CSUN Prof Studies How Social Status Can Affect a Teen’s Health

Virginia Huynh

Virginia Huynh

We knew in high school who had money to burn and who didn’t. It shouldn’t have made difference in how we saw ourselves, but in the back of our minds, we always wondered.

That wondering, that perception of our social status in school, may have had an adverse effect on our health, according to a new study by California State University, Northridge child and adolescent development professor Virginia Huynh.

Huynh and her colleague, UCLA researcher Jessica Chiang, looked at how teenagers’ perceptions of their social status in society and at school affected their health.

“The results suggest that subjective social status may be more important to adolescent health than objective social status,” said Huynh, who teaches in CSUN’s College of Health and Human Development. “Specifically, independent of objective socioeconomic status (parents’ income and education), lower school subjective social status was associated with higher diastolic blood pressure. Lower societal subjective social status was associated with more somatic symptoms, such as headaches and stomachaches. Furthermore, lower perceived societal subjective social status is associated with more sleep disruptions and stress, which in turn contribute to somatic symptoms.”

Their study was published online last month by SAGE Journals.

Huynh and Chiang surveyed 360 Latino and Asian-American 11th and 12th graders at two Los Angeles-area public high schools. The duo chose to focus on these two enthic minority groups because there has been limited research on the psychosocial contributions to health in Latinos and Asian Americans, despite being the two fastest-growing minority populations in the United States.

In addition to gathering information about their parents’ education and the family’s household income, the researchers asked the students about their perceived stress, sleep duration, sleep disruption and health issues such as headaches and stomachaches. They also measured their blood pressure.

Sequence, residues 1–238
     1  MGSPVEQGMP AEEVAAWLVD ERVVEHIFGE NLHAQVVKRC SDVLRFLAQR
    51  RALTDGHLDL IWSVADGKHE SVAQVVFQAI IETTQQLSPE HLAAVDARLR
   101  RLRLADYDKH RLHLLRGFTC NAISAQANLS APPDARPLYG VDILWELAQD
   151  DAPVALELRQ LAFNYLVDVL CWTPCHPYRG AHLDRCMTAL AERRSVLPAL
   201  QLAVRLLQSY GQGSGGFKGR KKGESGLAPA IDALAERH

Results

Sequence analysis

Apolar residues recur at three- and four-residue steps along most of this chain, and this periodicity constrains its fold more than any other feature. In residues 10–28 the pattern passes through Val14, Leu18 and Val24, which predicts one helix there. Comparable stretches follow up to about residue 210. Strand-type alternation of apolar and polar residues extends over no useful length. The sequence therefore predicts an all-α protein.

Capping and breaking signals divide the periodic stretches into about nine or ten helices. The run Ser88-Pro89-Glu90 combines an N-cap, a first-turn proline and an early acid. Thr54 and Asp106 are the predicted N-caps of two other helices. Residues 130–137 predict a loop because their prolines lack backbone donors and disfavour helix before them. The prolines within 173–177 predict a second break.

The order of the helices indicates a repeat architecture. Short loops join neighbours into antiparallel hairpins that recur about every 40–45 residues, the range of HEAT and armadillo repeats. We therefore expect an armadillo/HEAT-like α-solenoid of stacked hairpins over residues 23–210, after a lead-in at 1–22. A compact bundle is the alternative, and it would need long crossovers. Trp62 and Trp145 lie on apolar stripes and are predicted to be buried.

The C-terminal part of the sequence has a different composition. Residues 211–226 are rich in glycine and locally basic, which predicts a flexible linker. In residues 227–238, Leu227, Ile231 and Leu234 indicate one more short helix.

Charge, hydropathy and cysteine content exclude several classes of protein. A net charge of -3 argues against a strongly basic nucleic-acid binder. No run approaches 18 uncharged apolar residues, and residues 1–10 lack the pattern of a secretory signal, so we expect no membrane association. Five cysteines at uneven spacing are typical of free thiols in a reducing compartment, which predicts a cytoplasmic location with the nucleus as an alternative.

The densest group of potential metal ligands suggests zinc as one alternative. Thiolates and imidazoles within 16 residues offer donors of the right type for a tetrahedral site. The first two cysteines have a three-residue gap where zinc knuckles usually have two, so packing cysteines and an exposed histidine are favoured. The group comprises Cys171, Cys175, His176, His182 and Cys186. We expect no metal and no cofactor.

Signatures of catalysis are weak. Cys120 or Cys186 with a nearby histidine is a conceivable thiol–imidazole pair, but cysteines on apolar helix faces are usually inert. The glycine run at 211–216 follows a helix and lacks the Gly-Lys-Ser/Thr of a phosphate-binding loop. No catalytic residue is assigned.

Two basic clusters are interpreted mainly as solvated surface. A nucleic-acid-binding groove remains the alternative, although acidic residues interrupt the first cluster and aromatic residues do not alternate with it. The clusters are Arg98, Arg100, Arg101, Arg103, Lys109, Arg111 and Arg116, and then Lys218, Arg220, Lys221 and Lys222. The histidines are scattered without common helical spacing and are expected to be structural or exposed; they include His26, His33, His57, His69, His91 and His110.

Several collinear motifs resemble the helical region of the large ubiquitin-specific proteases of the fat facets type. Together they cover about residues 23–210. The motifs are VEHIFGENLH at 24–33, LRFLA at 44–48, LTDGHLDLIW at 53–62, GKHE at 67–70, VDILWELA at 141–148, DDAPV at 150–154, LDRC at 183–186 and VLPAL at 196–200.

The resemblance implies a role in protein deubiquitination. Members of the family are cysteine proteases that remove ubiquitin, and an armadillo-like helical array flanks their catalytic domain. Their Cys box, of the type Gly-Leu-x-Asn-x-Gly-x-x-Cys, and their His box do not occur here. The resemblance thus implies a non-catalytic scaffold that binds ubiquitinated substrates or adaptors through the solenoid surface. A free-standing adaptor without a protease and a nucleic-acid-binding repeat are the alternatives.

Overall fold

Regardless of household income, most of the participants reported that their families were middle class and saw themselves as having a slightly higher status in their school. The problems arose for students who had questions about their social status, at school and in society in general.

“What we found was that independent of the parents’ income and education, kids’ perceptions of their own social status was a good indicator of whether they were more likely to report feeling sick or ill, to report more stress and poorer sleep quality,” Huynh said. “To put it simply, kids who feel they are in a lower status compared to other Americans are more stressed out, more likely to sleep poorly and more likely to feel sick.

“Being in high school is tough enough,” she continued. “The kids are going through so many transitions, learning so many new tasks and skills, while at the same time having to navigate the social aspects that are so inherent in high school. They can’t help but compare themselves to other students.”

Huynh and Chiang found that students who had concerns about their social status in school had higher blood pressure, while those who worried about their social status in American society complained more about feeling ill, with headaches and stomachaches.

There is no easy answer for helping the students overcome their concerns about their social status at school or in society, Huynh said.

“I wish there was a chicken-soup answer, but it’s such a huge issue: How do you change a person’s perception of where they stand in society?” she asked. “Right now, the key thing is that the adults in the kids’ lives — their parents, teachers and other caregivers — are aware that these issues exist and may impact their children. It might be more fruitful to figure out how to manage stress or better sleep quality than how to increase status.”

Huynh called it another piece of data that may help those who work with teenagers.

“There is no quick solution or easy answer because adolescent development is complicated, and the world is complicated,” she said. “We can answer a question a little bit at a time and slowly put the pieces of the puzzle together, to ensure the health of our kids.”

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